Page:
NASHVILLE, Tenn. - Jeff Fisher missed his chance to beat San Diego for the first time. Now the NFL's longest-tenured coach has a chance to beat the only other team in the league he has yet to conquer.
Just call him winless versus Seattle.
Fisher lost his sixth straight game to San Diego 42-17 on Christmas night. In a scheduling quirk, he takes his Titans (7-8) to Seattle (5-10) for Sunday's finale having lost each of the five games he's coached against the Seahawks.
"I wasn't aware of it until someone brought it up this week,'' Fisher said Thursday. "They're just the next opponent. We're hoping to go up there and find a way to win it.''
A win puts the Titans at 8-8, giving Fisher at least eight wins in 11 of his 15 full seasons. That also would give Fisher a victory over 30 of the NFL's 32 teams.
Fisher hasn't had that many opportunities against the Seahawks. Sunday will be the first time he's taken his team to Seattle since 1998. Each of Fisher's losses have been decided by a touchdown or less, four by 11 points total.
"Even before I got here, it was a difficult place to play,'' Fisher said. "It was difficult when I was with Philadelphia or San Francisco or the Rams. ... They had some good teams. I remember close games, but I don't remember specifics.''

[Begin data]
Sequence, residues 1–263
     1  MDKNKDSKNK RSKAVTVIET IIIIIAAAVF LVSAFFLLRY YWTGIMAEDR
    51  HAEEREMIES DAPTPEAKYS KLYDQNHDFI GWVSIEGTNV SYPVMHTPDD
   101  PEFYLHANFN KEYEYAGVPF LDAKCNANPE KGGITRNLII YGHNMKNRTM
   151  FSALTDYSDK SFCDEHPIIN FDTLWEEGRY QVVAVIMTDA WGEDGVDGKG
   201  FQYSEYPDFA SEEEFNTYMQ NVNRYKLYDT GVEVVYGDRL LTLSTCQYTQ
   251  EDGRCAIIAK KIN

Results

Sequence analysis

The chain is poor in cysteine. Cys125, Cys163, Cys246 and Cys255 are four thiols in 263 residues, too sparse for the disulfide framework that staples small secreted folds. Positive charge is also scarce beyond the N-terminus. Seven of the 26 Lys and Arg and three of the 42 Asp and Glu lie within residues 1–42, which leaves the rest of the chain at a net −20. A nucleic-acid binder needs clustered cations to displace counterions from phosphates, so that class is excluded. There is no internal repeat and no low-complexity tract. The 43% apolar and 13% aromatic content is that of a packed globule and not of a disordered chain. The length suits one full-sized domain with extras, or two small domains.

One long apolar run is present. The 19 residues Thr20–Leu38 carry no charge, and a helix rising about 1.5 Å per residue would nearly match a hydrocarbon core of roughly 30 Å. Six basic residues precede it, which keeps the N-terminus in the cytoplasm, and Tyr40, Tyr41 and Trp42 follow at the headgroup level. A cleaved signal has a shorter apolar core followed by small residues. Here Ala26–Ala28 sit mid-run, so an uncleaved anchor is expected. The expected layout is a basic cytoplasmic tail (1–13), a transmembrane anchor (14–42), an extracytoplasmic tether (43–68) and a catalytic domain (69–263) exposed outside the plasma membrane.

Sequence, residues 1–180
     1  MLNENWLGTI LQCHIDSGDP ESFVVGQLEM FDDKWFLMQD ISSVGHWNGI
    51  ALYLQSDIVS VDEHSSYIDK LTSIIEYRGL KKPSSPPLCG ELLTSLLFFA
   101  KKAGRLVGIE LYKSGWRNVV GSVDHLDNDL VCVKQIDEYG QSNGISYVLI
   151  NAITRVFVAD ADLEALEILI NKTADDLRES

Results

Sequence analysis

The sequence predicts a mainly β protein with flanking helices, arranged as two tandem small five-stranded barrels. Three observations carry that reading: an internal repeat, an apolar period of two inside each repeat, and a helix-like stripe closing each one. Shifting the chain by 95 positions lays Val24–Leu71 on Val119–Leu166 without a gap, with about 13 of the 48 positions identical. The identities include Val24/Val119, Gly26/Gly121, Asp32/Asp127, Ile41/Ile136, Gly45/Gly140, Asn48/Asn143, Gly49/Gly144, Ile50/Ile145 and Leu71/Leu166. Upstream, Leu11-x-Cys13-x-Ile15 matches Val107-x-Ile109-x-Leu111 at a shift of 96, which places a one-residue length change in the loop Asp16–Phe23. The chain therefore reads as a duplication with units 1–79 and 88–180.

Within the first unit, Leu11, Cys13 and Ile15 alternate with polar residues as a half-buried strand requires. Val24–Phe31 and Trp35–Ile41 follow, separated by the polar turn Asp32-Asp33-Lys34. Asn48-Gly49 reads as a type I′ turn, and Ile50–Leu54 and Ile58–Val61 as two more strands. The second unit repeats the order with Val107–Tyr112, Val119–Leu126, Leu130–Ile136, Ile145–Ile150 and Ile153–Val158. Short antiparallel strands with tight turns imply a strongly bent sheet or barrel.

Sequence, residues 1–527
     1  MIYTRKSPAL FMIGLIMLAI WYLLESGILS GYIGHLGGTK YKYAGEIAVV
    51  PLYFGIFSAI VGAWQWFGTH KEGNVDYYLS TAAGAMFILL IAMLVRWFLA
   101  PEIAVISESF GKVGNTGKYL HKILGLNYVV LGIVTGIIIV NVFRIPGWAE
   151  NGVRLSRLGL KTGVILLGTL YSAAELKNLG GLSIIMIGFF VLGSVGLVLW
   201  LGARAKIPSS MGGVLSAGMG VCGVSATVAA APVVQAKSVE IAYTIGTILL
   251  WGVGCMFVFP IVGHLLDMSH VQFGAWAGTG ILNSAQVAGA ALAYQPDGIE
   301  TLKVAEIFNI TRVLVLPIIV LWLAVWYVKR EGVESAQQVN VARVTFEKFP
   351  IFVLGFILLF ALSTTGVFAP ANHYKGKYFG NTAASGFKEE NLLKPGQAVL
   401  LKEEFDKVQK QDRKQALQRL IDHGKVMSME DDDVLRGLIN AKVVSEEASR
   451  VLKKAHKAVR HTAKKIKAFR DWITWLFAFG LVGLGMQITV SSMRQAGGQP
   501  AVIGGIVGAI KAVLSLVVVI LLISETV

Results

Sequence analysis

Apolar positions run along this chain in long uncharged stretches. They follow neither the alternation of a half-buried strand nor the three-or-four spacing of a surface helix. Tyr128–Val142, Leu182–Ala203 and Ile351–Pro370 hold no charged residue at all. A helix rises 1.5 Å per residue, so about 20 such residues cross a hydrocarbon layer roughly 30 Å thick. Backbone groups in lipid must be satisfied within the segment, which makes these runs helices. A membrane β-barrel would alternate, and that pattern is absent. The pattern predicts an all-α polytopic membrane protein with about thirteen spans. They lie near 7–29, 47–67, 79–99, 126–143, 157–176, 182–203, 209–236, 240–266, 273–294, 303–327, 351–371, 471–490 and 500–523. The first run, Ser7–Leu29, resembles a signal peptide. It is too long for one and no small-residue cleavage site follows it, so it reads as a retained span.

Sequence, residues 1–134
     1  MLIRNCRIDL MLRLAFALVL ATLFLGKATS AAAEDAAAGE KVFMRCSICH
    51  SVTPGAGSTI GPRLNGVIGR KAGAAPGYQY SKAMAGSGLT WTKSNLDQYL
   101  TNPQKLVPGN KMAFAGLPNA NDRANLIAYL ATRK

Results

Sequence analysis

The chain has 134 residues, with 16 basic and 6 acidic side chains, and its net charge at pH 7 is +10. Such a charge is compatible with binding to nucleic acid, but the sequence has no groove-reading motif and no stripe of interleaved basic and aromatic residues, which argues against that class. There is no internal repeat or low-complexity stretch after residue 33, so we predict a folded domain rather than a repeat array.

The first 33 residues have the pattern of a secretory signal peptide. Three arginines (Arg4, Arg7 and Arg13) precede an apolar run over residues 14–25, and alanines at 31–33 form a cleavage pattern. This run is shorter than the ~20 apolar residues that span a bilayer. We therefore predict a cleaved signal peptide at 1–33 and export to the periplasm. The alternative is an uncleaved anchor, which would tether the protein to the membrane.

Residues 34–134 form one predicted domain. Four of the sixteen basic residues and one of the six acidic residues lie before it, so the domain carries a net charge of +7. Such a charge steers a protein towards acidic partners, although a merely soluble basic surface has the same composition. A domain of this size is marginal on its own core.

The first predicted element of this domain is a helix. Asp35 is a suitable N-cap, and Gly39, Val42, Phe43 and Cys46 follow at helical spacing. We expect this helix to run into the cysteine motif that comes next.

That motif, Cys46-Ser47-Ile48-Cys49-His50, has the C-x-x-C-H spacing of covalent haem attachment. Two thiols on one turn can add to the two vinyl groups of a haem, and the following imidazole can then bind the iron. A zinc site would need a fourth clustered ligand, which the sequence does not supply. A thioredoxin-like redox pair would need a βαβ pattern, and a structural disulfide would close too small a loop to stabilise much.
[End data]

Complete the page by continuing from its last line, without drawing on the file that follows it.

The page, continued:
Fisher was the interim coach of the then-Houston Oilers when Seattle handed them a 16-14 loss Dec. 11, 1994, in the Astrodome.
Then Fisher took his team to Seattle each of the next three seasons. The Seahawks won by a touchdown in 1996 when Michael McCrary blocked Al Del Greco's field goal that was returned for the winning margin; pulled it out by a field goal in 1997; and kicked the decisive field goal in winning 20-18 in 1998.
Titans center Kevin Mawae played for Seattle between 1994 and 1997 and remembers that winning play.
"That was pretty cool,'' Mawae said.
Not even being at home has helped Fisher. The Titans scored 24 straight points, but blew a 14-point lead when the visiting Seahawks rallied and won 28-24 in Nashville on Dec. 18, 2005.
Tight end Bo Scaife was a rookie on that team. He doesn't believe anyone is thinking of the team's past failures in Seattle, not with finishing at 8-8 within reach after an 0-6 start.
"We know we're a good team. We don't care who we play. We'll play whoever,'' Scaife said.
The Titans will have some fans in the stands Sunday. Left tackle Michael Roos is from Vancouver, Wash., and estimates 30 friends and family will be on hand. He used his bye week last season to visit Qwest Field for the Seahawks' game with Green Bay.
"It is a loud stadium, from what I remember last year being at that game. Granted, it's the last game of the year. They have a good fan base, and I'm sure it'll be full,'' Roos said.
It's not just Fisher who has struggled against the Seahawks. This franchise is 1-6 in visits to Seattle, with that lone win back in 1977. Good thing realignment moved the Seahawks from the AFC West to the NFC West.
Fisher said not necessarily. He points to the team's road record since 1995 of 63-56-0 - tied with Pittsburgh for third best in the NFL - as proof of being able to win away from home. The Titans are 2-5 on the road this season.
"It's a challenge for us, but there's no one on this roster that remembers what happened back then. Plus, I think we've got a better team,'' Fisher said.